A new survey shows the depth of concern over economic insecurityby Atif Shafique / January 19, 2018 / Leave a comment
This is the decade where our economy has broken records—for all the wrong reasons. It is set to be the worst ten-year period of productivity and pay growth for over two hundred years. To compensate, British households recently became net borrowers for four successive quarters—the first time since records began in 1987. There are now more people in poverty in working households than workless ones. The historic link between GDP growth and wage growth has severed; so too the link between employment growth and wage growth. Economists are baffled. The signs are that we may not just be experiencing a Japanese-style “lost decade,” but a lost generation.
My recent RSA report (in partnership with Nottingham Civic Exchange) argues that economic insecurity is a critical part of this story. To understand the challenges facing workers and families, the traditional lenses of poverty and inequality are important but insufficient. We also need an account of how economic insecurity—harmful volatility in people’s economic circumstances—impacts people’s lives and shapes their interaction with the economy.
Our research describes a number of features of this 21st century insecurity.
One is that a job no longer guarantees economic security. This is partly attributable to the rise of non-standard and atypical work (such as zero hour contracts), but more so to the prevalence of low pay, lack of in-work progression, precarious finances, and limited assets to protect against economic shocks. Three out of four people in the survey undertaken as part of our study feared that the cost of living would continue to outpace wage growth. Many are having to fill the gap in pay with credit and problem debt.
Related to this, economic insecurity also involves threats to people’s economic status—not just the risk of becoming unemployed. Under this interpretation, major economic events such as de-industrialisation are so harmful not only because they destroy jobs, but also because they often replace “good” jobs with bad ones. Despite headline after headline about the threat of mass unemployment brought about by automation, it is job status insecurity that is the new class divider: those in lower socioeconomic positions do not necessarily fear unemployment more than others, but are more likely to fear that they will lose important and valued features of their job, such as pay, autonomy and respect.
Finally, economic insecurity impacts a broad section of the population. It is not only the poor and unemployed that are adversely affected. It also defines the lives of many of the families described in the past by Theresa May as “Just About Managing” (JAM). Compared to more financially secure groups, those that self-identified as JAMs in our survey research were much more likely to have concerns about debt, lack of work and pay progression and cost of living pressures. Indeed, the threat of downwards mobility affects a significant proportion of middle income families. DWP statistics show that 37 per cent of such households moved down the income distribution between 2011 and 2015 (after taking into account housing costs), compared to 30 per cent that moved up and 33 per cent that remained in the same income quintile.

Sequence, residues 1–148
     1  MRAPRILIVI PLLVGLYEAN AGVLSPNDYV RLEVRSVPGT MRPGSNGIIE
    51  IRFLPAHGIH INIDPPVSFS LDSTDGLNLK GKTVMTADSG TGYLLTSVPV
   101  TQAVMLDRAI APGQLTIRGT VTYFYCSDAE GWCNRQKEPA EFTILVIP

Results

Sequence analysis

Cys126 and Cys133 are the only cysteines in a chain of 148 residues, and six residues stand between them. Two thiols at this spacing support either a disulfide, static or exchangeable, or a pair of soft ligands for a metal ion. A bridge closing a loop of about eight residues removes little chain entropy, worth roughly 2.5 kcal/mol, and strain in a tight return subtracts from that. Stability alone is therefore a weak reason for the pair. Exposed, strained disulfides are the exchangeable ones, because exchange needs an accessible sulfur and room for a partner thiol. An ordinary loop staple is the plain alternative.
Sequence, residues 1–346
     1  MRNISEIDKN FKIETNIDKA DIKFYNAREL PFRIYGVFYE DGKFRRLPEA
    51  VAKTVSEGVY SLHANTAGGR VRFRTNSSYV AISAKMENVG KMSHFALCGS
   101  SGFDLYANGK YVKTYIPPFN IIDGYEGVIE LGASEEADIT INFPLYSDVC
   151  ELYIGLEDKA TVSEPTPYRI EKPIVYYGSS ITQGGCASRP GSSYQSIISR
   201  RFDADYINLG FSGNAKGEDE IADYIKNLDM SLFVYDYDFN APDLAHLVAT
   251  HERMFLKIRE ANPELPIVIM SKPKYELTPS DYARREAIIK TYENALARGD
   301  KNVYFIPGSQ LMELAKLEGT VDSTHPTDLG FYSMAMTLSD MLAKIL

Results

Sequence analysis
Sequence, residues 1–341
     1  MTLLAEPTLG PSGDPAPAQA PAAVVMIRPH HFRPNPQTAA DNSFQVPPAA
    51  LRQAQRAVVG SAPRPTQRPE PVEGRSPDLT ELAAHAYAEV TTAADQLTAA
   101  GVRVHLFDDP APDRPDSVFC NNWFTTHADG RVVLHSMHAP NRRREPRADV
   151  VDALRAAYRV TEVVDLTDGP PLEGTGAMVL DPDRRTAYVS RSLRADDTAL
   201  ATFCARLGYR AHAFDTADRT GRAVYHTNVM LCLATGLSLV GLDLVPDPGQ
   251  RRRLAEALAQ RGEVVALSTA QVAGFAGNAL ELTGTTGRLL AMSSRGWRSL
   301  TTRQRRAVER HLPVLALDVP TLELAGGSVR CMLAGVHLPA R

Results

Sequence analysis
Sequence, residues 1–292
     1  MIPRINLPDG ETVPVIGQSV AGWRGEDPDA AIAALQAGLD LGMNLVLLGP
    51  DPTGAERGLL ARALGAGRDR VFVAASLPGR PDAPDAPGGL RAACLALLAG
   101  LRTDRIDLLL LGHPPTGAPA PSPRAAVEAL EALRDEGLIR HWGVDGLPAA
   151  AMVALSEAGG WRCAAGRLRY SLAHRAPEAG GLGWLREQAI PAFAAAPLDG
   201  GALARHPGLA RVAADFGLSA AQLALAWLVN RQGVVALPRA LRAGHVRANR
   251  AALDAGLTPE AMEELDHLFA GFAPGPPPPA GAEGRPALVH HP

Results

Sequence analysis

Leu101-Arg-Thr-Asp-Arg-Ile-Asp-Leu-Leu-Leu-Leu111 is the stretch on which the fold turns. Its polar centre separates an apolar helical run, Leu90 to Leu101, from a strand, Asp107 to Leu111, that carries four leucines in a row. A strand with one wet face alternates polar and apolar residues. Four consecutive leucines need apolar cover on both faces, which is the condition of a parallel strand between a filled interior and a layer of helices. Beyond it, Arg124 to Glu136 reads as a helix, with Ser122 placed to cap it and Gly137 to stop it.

In the report we argue that government actions combined with the particular nature of our market economy have created a political economy of insecurity. We have seen a significant transfer of risk from government and employers to workers and families. In other words, economic insecurity is not simply the result of macroeconomic forces and technological trends, but deliberate policy choices.
“Despite headlines about the threat of mass unemployment brought about by automation, job status insecurity is the new class divider”
We have a capitalism characterised by the pursuit of short-term profit, enabled by cheap, “flexible” and poorly utilised labour. Workers do not have as much of a voice—as much power—as they should. We invest very little in training, technology and labour market support. Productivity therefore lags behind our competitors. The welfare state, through ever increasing conditionality (including the widespread use of sanctions), all too often heightens people’s sense of insecurity and pushes them into poor quality jobs. Unfortunately, our state has become more concerned with getting people off benefits and punishing “bad behaviour” than with providing social security. It is little wonder that only around half of unemployed people now claim benefits, compared to 80 per cent in 1996.
Denmark has a successful economic and social model described as “flexicurity.” It balances low employment protection with a generous welfare state with significant spending on labour market support, and high levels of public and private investment. The UK’s model may perhaps be best described as flex(in)security: low worker protection without a countervailing institutional architecture that provides meaningful economic security.
The future looks bleak in the absence of major reforms. It will be interesting to see the government’s response to the “Taylor Review into Modern Working Practices,” as well as how the Industrial Strategy develops and whether it confronts the structural features of our economy that deepen insecurity. One thing is clear: economic insecurity is one of the defining challenges of our time, and we need to do much more to address it.